The SFs advanced towards Janta on November 3 after securing areas around the Taliban stronghold of Sararogha in the South Waziristan Agency, where 21 militants and one soldier were reported dead by the ISPR. Official sources said the troops had secured the areas around Sararogha while clashes had taken place near Makeen and Sam where the militants were offering resistance. The troops claimed killing 16 militants during clashes in Sararogha while a soldier was killed and another injured in a landmine explosion in the area.

The ISPR Director General, Major General Athar Abbas, said on November 2 that the SFs had gained complete control of Kaniguram, a major stronghold of Uzbek fighters. He said the terrorists there had been using modern weaponry, fortified positions and bunkers, adding that the entire area had been cleared of mines and improvised explosive devices. He said the military had also secured Karama village, east of Kaniguram, and that other strategically important points around Kaniguram had also been secured. Giving details of Operation Rah-e-Nijat, he said 12 militants had been killed in the preceding 24 hours, and that six SF personnel had been injured. Separately, seven Taliban militants were killed in clashes with the SF personnel and aerial strikes in Bajaur Agency on November 2. The air and ground assault focused on Ovishah, Seolai, Kharkay and Badalai areas in the Mamoond sub-division, destroying four terrorist hideouts. The SFs also reportedly clashed with the militants in Mulla Said and Mataak in the Salarzai sub-division. Dawn; Daily Times; Jang, November 3-9, 2009.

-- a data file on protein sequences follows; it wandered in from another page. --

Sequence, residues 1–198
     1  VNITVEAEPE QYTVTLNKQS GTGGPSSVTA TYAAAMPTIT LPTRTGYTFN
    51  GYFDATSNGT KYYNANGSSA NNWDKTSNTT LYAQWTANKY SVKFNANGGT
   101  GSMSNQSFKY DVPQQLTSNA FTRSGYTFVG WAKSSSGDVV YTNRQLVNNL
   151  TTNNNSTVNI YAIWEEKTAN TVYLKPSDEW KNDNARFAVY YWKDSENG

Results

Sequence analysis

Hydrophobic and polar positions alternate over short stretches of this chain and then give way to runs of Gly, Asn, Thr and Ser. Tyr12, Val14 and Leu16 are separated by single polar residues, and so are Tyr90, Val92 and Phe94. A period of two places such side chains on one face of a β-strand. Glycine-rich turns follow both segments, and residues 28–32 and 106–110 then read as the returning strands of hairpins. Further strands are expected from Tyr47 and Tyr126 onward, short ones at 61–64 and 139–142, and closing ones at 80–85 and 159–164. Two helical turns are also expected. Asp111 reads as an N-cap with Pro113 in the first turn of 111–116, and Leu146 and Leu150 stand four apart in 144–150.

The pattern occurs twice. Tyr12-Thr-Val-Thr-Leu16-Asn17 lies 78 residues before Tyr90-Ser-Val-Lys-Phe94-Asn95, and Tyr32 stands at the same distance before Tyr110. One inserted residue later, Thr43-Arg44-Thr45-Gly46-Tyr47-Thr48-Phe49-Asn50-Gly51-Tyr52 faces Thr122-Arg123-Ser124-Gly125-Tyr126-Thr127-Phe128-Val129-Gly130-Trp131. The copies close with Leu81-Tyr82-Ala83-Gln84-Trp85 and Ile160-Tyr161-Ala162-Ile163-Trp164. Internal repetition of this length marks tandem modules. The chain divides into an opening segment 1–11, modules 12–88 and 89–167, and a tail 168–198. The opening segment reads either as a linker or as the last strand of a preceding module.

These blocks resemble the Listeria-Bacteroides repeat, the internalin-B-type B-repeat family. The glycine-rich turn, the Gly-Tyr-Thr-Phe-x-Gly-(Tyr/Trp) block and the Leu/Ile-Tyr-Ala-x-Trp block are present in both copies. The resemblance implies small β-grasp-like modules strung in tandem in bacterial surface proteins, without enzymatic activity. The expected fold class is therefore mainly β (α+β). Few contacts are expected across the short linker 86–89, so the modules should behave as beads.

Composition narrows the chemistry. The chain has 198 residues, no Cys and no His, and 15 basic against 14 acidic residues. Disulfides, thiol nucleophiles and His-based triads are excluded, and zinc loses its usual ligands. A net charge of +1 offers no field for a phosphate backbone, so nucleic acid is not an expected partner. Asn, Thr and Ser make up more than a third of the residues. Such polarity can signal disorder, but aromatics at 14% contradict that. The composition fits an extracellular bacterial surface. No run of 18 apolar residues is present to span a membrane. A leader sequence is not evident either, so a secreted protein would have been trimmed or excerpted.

22 militants and 13 civilians among 39 persons killed during the week in NWFP: At least 13 people, including a local councillor heading an anti-Taliban lashkar (militia), were killed and 44 injured, when a suicide bomber blew himself up in a cattle market at Adezai village, 25 kilometres south of Peshawar on November 8. Peshawar Senior Superintendent of Police (Operations) Muhammad Karim Khan said that that around eight-to-10 kilograms of explosives were used in the blast. The Taliban claimed responsibility for the attack.

Five Taliban militants and three Security Force (SF) personnel were killed in a clash at Tura Warai area of Hangu on November 7.

Eight militants were killed and four were arrested during search operations in the Swat District on November 6. According to the Swat Media Centre, the SFs conducted search operations in the Dakorak area of Charbagh sub-division early in the morning. During an exchange of fire with troops, local Taliban leader Fida Hussain and his four aides, Latif, Arsal Khan, Mohammad Anwar and Roshan, were killed. In another encounter, militant leader Fazal Maabud was killed and his unnamed associate was injured. In the Kabal sub-division, troops killed suspected militants Abdul Wali and Bakht Sher in a clash. Elsewhere in the province, an official of the Frontier Constabulary was killed and four persons, including a woman and boy, were injured in a militant attack on the Tora Warai Fort in Thall sub-division of Hangu District on November 6.